- Result: 1, 2 C for sure, 3 C has potential = YES
- Next step: Reach out to the intermediary friend for an introduction.
- Don’t let capacity alone, especially if you don’t have direct contact info, tempt you into putting time into pursuing people who don’t have a strong, clear connection.
- Of the three C’s, connection is the most valuable. People give because of relationships. Connection, to a person in the organization or with its values, or both, are how those relationships begin.
- Is connection enough if you don’t have contact information and the prospect is known to have a limited giving capacity? Sometimes. Contact information can usually be found and building a long-term relationship can start with a smaller first gift.
How You Prepare for Asking a Major Donor or a New Prospect for a Gift
Nonprofits often – but not always – run a coordinated campaign each year that focuses on people who have given or may make major gifts. Board members play a central role as the solicitors and are usually supported by staff. To the extent that it’s possible, you will be matched with people you have a connection to but many times you will not know the donor at all.
You can see what a fundraising request conversation can be like in the video about Making The Ask. However it goes for you, please remember that by simply making a clear request, you’ve drastically increased the likelihood of getting a donation.
But before you contact the current donor or the new prospect, here are the materials you can expect to be provided with by your organization and how you prepare.
Your organization provides you with:
- Contact information and notes for all your people
- Giving history to your organization, if applicable
- Fact sheets about current programs
- Talking points about recent accomplishments and service numbers
- Information about how the donor can make the donation (where to send a check, how to give online etc.)
- Group training (sometimes)
To be prepared for your conversation, you will have:
- Already made your gift
- Set up a time and means for talking with the donor or prospect (this can take some time!)
- Reviewed the donor or prospect information
- Reviewed the program and other information
- The materials handy for reference during the conversation
- A script to refer to (if it helps you)
- Something to make notes on so you can report back on what happened
The ideal steps you take in fundraising with all individuals are
Communicate ➔ Engage ➔Solicit
You don’t have to know everything about your organization before you talk to a prospect or donor. Your power as a board member isn’t subject matter expertise; your power is that you’re a leader of the organization. Meaning that you care enough about the organization’s work to take on fiduciary responsibility and volunteer a significant amount of your time and resources. If they ask you something you don’t know the answer to, ask if you can follow up and get back to them.
What you should be ready to explain is why you care about the organization and its mission. Sharing your connection will help you connect with the people you’re asking for help.
The video about finding your fundraising origin story may help you identify what motivates you in fundraising.
- END-OF-YEAR GIVING
A high percentage of donations are received by organizations in the last two months of the calendar year. Giving is associated with the holiday season and even when donors don’t itemize gifts as tax deductions, they often think of December 31 as the deadline for donating. Added to this are online events like Giving Tuesday, the National Day of Philanthropy held on the first Tuesday after Thanksgiving.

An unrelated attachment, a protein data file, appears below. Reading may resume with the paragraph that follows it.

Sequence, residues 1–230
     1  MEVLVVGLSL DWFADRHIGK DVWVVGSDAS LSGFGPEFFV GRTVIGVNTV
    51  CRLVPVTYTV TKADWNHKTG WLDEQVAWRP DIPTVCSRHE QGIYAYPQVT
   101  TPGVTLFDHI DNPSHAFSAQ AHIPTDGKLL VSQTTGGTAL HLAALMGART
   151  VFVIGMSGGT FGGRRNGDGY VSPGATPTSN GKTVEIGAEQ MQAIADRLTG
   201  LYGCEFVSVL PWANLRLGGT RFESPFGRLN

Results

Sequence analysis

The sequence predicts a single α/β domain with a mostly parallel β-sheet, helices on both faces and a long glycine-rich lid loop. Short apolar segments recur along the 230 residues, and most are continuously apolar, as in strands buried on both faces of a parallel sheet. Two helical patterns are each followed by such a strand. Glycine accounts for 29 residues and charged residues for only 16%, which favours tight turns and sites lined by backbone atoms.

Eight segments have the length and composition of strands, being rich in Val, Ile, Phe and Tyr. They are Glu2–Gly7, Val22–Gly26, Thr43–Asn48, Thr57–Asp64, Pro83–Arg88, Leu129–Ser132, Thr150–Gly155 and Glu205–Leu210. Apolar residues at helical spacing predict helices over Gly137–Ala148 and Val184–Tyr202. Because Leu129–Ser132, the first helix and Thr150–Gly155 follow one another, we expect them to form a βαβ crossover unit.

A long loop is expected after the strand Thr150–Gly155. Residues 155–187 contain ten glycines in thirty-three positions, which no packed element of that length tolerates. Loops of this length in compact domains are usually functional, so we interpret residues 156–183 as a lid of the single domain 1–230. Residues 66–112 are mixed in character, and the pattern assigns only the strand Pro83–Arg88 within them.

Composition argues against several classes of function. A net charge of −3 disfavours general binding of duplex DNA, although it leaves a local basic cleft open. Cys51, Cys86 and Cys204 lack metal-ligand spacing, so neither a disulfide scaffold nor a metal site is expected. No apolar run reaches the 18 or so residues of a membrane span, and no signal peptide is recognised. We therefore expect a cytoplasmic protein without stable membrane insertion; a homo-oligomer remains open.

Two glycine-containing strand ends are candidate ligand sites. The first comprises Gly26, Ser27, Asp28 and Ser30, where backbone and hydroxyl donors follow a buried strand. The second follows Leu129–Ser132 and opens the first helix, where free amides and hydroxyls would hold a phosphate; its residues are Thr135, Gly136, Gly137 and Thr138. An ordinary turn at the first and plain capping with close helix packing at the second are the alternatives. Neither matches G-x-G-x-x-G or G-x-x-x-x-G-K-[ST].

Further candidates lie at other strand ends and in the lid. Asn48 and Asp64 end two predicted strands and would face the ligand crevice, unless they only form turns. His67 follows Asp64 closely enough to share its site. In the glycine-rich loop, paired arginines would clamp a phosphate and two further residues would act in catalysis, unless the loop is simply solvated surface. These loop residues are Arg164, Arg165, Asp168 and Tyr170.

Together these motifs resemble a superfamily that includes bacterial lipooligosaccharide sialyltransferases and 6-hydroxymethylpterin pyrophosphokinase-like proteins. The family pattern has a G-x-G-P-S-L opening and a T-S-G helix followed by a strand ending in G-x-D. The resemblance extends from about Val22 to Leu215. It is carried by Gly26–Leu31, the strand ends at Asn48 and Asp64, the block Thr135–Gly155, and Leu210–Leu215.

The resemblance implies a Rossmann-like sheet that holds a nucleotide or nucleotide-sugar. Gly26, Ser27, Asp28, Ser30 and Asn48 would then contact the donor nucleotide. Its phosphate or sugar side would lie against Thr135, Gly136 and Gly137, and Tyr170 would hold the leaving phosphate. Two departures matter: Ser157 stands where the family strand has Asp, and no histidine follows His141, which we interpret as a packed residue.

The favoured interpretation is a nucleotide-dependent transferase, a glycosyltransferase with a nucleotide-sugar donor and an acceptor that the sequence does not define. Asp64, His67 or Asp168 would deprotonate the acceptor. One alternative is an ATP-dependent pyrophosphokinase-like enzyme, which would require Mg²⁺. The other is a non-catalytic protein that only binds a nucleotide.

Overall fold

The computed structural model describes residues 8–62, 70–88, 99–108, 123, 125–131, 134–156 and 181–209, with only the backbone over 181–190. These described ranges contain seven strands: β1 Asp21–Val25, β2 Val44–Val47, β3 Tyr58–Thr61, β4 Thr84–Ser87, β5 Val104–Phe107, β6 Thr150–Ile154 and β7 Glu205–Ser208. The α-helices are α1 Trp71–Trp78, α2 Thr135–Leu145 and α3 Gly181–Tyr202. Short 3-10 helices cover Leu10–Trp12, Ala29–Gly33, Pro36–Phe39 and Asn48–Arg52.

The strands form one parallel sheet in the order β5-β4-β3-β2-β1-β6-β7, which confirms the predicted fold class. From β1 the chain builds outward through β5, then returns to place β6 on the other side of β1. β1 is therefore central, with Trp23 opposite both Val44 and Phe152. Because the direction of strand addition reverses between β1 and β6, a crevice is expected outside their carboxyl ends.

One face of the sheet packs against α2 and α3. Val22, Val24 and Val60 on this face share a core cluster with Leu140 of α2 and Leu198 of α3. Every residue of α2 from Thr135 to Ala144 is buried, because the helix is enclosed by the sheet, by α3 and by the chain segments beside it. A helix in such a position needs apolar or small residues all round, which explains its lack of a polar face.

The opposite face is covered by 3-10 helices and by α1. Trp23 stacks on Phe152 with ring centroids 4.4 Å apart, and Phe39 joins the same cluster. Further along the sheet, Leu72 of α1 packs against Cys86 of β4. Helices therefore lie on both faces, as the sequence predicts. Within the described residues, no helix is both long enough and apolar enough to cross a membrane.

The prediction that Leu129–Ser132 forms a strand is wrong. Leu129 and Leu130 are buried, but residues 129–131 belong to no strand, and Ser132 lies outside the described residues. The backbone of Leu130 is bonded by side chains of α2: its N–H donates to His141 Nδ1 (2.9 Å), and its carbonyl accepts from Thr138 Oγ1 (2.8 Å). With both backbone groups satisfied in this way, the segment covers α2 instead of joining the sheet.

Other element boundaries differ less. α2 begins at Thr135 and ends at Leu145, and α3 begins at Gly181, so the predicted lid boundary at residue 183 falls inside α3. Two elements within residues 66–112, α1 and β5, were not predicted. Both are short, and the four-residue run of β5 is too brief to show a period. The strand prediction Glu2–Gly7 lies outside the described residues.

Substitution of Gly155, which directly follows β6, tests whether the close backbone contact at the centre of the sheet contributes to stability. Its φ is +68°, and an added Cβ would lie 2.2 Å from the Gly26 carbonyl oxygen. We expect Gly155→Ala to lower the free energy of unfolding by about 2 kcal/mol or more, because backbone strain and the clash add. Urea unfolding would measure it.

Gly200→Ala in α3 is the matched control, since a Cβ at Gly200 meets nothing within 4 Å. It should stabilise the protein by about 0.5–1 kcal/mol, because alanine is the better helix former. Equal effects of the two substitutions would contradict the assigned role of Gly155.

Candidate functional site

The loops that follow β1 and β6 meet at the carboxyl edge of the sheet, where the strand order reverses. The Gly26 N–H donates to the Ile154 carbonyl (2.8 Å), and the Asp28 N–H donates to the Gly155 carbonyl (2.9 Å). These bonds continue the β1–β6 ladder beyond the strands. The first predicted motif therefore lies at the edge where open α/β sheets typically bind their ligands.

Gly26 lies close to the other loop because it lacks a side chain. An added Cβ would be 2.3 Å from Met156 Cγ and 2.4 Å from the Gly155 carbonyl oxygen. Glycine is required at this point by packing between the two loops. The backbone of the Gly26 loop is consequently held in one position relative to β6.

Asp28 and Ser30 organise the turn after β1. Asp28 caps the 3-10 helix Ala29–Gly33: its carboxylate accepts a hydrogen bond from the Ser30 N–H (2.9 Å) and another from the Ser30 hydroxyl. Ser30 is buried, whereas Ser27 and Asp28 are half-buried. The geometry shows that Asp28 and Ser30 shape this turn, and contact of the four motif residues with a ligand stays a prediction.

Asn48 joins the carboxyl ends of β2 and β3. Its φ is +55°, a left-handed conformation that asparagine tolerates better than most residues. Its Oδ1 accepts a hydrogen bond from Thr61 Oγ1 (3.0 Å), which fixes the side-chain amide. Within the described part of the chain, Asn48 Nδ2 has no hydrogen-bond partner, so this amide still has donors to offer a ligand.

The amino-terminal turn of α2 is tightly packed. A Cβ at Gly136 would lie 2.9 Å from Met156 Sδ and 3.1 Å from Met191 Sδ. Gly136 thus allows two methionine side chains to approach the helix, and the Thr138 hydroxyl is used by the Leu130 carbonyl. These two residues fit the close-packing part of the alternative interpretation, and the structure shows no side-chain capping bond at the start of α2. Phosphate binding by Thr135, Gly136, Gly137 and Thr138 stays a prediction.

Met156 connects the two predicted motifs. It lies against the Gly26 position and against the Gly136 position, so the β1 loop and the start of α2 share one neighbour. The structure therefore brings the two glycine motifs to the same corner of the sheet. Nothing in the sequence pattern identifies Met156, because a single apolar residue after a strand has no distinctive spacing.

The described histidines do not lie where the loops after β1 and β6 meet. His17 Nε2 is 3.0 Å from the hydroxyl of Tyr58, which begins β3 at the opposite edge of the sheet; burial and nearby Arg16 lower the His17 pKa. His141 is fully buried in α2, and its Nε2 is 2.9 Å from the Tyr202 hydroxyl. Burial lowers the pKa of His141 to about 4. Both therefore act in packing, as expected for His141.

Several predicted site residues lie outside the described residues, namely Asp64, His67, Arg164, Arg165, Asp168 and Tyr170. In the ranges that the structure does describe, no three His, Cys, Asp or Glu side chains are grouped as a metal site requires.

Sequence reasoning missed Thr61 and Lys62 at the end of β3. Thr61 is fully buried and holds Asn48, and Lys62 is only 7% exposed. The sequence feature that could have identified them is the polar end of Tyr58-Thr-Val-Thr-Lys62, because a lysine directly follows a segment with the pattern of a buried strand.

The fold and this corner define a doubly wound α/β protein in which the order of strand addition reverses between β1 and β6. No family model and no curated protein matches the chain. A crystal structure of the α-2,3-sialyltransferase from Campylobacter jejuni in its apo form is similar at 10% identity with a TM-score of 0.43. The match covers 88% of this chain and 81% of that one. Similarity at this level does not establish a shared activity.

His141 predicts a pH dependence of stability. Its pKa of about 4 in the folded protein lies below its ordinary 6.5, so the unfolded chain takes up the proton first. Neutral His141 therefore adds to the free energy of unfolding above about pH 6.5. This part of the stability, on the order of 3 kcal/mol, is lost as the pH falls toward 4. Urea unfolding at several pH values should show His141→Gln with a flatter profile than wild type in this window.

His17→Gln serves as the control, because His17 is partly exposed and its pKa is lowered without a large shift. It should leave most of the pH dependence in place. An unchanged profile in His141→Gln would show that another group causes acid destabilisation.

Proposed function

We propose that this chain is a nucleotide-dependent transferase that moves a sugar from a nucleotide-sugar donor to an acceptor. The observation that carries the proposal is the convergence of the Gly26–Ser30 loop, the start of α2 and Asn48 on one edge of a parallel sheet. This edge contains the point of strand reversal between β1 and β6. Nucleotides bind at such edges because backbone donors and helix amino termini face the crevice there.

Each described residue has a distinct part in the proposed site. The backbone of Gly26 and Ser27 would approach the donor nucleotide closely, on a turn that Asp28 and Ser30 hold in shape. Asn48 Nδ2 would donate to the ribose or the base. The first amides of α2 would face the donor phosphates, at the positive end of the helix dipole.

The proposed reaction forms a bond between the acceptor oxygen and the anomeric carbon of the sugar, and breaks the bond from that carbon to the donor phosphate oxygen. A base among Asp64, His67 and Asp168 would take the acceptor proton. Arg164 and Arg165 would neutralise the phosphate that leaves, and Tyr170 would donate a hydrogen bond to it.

- How this fundraising is typically done: Mailings (print and digital) and targeted follow-up to major donors, non-major donors, companies
- How board members are involved: You may be asked to be a signatory on a year-end letter; thank donors who has given the gift; follow up on requests to major donors; share year-end materials with your networks; promote Giving Tuesday through your social media
- EVENT SPONSORSHIPS
Events are great for building relationships, raising the profile of your organization, and demonstrating your values. They’re also an area of fundraising that board members typically work on, and in some organizations, lead.
Events are also very difficult to predict as fundraisers because organizers often have trouble keeping expenses down, which eats into the net profit. Very little is more demoralizing than working on an event from months and having a great turnout but realizing afterward that you lost money!
These are some of the types of events that are run and financed by the organization or a professional fundraising firm* that the organization pays for:
- Golf tournaments
How this fundraising is typically done: Sponsorship requests (print and digital) and targeted follow-up to major donors, non-major donors, companies
How board members are involved: You may be asked to be a signatory on a sponsorship letter; thank sponsors; follow up on requests; promote with your networks; promote through your social media
*Professional fundraising firms and event planners look appealing if you’re hosting any event with many moving parts, such as a golf tournament, walkathon, or auction. But a strong word of caution – fees add up very fast. So if you want to have an auction and you want to hire a company to run it from start to finish, first assess whether your donors are likely to spend freely on higher ticket items. If not, you may lose much of your overall net revenue to the firm you hired to help you raise money. Firms don’t provide the donors. If you don’t think your donors will respond, don’t be swayed by a hard sell packaged as a can’t-lose promise.
Grassroots Institute for Fundraising Training
Access Suggestions for Public Events
Accessible Event Planning (PDF)
Haas Culture of Philanthropy (PDF)
How Organizations Fundraise